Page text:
India's opposition headed for election landslide

May. 16, 2014 @ 02:27 AM

NEW DELHI — Indian opposition leader Narendra Modi appeared headed for a landslide win Friday as results began pouring in from the country's weekslong general election, with his party easily driving out the long-dominant Congress party in the world's biggest democracy.

The Congress party, which has been at the center of Indian politics for most of the country's history since independence from Britain, conceded defeat several hours into the vote counting.

"We are accepting the people's verdict in all humility," party spokesman Shakil Ahmed told The Associated Press. "Trends of the counting are certainly not in our favor. The trends point out that the country has decided to vote against us."

The Election Commission was expected to announce full results later Friday. But early trends suggested that Modi's Bharatiya Janata Party would earn enough parliamentary seats to create a government without forming a coalition with regional leaders.

At BJP headquarters in New Delhi, workers were handing out sweets, setting off firecrackers and dancing outside in the streets. BJP spokeswoman Nirmala Seetharaman said the results were even better than expected.

"That certainly is good news, which we will savor with great delight," she said. "It means that people of India found the (connection) with Narendra Modi."

There was a record turnout in the election, with 66.38 percent of India's 814 million eligible voters casting ballots during the six-week contest, which began April 7 and was held in stages across the country. Turnout in the 2009 general election was 58.13 percent.

Campaigning on promises of a revival in economic growth, Modi and the BJP were looking to take advantage of widespread dissatisfaction with the Congress party.

The BJP's slick and well-financed campaign also promised better governance. The Congress-led ruling alliance has been plagued by repeated corruption scandals, and the Congress party's 43-year-old leader, Rahul Gandhi, failed to inspire public confidence.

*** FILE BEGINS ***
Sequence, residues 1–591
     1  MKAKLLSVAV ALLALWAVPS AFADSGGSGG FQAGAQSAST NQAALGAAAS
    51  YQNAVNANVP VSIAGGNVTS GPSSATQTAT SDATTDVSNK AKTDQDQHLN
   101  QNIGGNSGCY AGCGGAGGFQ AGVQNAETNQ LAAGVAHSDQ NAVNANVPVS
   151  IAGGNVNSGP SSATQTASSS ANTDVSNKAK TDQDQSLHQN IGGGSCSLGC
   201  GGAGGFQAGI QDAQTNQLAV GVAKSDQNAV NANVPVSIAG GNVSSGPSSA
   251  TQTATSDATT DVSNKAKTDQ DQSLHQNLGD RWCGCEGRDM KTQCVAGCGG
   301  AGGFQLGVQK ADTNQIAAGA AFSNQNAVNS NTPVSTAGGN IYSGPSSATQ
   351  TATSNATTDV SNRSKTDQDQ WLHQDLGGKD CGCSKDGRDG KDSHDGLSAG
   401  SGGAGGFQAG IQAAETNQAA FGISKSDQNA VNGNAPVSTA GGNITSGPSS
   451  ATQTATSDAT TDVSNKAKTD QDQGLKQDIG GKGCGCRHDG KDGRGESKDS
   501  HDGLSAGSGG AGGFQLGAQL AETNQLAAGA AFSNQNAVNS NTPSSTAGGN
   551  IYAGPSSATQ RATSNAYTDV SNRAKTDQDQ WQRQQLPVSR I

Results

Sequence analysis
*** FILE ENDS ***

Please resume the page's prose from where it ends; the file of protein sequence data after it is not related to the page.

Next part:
A party or coalition needs at least 272 seats to form a government in India. If the BJP crosses the 272-mark, it would be the first time a single party has won a majority since the 1984 national election.

Exit polls by at least six major Indian TV stations predicted a BJP-led coalition would win between 249 and 289 seats in the 543-seat Lok Sabha, or lower house of Parliament.

By Friday afternoon, an exact picture was expected to emerge on what India's next Parliament will look like.

If the results are in line with the exit polls and the early trends and the BJP and its allies win a clear majority, India's stock markets are likely to see a major upswing. Already on Friday, the Sensex stock index rose as much as 4.7 percent on news of the BJP's strong showing.

The Nehru-Gandhi family, which has ruled India for all but 10 years since the country won independence from British rule in 1947, was facing its biggest political drubbing in 10 years.

The Congress party attempted to position Rahul Gandhi as a young leader capable of boosting the country's struggling economy, but most Indians see him as being out of touch with reality. His privileged background has made him appear aloof and removed from the concerns of most Indians.

In comparison, Modi's campaign was seen by many as a media and marketing coup for a man whose background ties him to bloodshed in his home state of Gujarat, where communal rioting in 2002 left more than 1,000 people dead, most of them Muslims. Modi is accused of doing little to stop the rampage, though he denies any wrongdoing and has never been charged with a crime.

He managed to hammer away at Gandhi — specifically the perception that he is nothing more than a feudal prince from a family that views ruling the country as its birthright.